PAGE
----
90

This has been a tricky tea for me. It has very strong spicy flavor and astringency that can easily overpower the lighter floral notes. But when I get it just right, like tonight’s infusion, it is sweet, spicy, floral, with that extra complexity that just makes the best Dan Cong teas sing. And tonight, it’s doing a floral aria on my taste buds.

I wish I could give coherent brewing suggestions, but I can’t, because I lightly and thinly scattered the leaves over the brewing screen of my Kamjove, poured through water from my Pino set to about 190 degrees but didn’t check the temps before the infusions, and then didn’t pay attention to brewing times—1 minute? 2 minutes?—and mixed the two infusions together.

I was trying to prepare a pint of nice brew to share with some colleagues working late, so needed a larger set of infusions than I easily get from my small gaiwans, and tasted along the way rather than measured. Anyway, this came out so nice that I am going to let this tea out of the ‘doghouse’. Will try to get the same results with a more measured brewing and report back; I’m thinking maybe 0.5 grams in my 60mL gaiwan or the 60 mL Chao Zhou pot to start.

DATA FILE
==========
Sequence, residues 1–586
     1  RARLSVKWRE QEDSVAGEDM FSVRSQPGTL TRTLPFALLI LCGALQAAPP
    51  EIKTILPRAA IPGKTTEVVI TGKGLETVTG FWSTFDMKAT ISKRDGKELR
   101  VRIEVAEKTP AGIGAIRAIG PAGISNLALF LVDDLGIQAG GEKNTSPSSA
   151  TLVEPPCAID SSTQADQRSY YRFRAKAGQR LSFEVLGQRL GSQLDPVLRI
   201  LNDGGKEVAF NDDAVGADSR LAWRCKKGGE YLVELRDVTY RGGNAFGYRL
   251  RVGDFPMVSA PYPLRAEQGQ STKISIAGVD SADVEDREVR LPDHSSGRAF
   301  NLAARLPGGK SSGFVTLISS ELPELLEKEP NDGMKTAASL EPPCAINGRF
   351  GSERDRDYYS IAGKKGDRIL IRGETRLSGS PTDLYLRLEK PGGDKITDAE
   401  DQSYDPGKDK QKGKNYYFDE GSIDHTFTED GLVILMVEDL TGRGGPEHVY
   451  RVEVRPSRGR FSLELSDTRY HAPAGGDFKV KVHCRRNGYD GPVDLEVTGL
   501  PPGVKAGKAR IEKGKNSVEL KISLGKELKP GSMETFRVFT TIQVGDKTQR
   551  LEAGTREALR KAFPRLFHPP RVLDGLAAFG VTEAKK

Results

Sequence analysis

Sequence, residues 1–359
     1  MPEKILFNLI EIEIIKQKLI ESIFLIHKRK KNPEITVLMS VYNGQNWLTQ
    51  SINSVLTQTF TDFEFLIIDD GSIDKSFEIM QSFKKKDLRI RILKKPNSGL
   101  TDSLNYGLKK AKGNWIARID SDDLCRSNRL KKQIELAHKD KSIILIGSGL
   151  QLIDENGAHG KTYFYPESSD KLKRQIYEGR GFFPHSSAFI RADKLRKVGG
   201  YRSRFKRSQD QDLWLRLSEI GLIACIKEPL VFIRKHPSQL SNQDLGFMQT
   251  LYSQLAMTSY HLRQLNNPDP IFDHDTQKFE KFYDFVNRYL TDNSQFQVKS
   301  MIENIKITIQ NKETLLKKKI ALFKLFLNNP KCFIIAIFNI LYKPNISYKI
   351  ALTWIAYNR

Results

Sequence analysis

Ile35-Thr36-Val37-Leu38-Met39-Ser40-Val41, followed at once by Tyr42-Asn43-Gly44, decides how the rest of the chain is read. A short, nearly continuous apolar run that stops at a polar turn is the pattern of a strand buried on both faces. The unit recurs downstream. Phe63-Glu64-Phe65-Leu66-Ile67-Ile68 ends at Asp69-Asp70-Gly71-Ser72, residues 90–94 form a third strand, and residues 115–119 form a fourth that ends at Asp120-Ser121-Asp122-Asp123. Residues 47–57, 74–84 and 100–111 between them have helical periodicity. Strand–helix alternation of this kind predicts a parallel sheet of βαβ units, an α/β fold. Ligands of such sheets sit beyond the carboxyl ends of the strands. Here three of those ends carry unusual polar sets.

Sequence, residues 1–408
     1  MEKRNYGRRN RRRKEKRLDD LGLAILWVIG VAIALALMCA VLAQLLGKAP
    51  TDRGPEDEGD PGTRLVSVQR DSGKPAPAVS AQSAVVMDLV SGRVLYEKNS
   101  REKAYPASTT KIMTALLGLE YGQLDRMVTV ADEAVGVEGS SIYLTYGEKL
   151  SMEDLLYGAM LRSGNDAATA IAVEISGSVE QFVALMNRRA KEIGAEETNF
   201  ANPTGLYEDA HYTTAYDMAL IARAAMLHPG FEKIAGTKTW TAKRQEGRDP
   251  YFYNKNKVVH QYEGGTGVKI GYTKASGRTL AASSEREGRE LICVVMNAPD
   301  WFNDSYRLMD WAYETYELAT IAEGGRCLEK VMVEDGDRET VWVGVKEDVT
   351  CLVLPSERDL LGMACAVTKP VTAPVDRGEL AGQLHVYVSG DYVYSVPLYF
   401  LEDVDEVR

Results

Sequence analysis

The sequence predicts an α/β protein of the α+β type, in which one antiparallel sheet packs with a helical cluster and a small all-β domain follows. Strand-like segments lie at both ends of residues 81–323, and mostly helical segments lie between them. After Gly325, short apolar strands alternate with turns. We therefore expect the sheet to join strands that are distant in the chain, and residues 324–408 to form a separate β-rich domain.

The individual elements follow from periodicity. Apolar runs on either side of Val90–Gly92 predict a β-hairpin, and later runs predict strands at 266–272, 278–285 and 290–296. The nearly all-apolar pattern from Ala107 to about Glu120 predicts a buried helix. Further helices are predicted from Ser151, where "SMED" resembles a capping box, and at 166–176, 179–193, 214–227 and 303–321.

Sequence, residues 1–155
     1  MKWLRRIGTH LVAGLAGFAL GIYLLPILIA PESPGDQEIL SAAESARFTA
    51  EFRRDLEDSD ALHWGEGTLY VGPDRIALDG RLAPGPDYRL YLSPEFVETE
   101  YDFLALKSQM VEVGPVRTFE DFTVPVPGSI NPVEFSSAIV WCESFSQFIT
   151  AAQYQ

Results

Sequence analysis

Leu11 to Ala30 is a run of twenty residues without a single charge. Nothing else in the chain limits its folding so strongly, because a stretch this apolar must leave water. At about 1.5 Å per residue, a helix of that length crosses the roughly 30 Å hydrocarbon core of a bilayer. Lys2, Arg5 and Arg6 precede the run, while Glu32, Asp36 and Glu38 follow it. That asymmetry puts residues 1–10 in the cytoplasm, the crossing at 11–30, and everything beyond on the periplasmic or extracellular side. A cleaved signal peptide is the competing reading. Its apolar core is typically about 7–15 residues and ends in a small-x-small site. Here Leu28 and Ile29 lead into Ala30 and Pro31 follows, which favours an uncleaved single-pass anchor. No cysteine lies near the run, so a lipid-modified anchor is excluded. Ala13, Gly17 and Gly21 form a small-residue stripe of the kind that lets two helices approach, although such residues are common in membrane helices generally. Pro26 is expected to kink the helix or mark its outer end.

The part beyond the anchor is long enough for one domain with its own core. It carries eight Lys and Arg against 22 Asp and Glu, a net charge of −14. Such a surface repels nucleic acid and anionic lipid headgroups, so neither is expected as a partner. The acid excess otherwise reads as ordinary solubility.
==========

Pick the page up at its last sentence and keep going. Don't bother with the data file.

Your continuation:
Preparation
190 °F / 87 °C 1 min, 0 sec

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I’ve been drinking tea for 30 years, but only bought 2 brands of 2 different teas for most of that time. It took me almost 30 years to discover sencha, puerh, and green oolongs. Now I am making up for lost time.

I try to log most of my teas at least once, but then get lazy and stop recording, so # times logged should not be considered as a marker of how much a particular tea is drunk or enjoyed.

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Los Angeles

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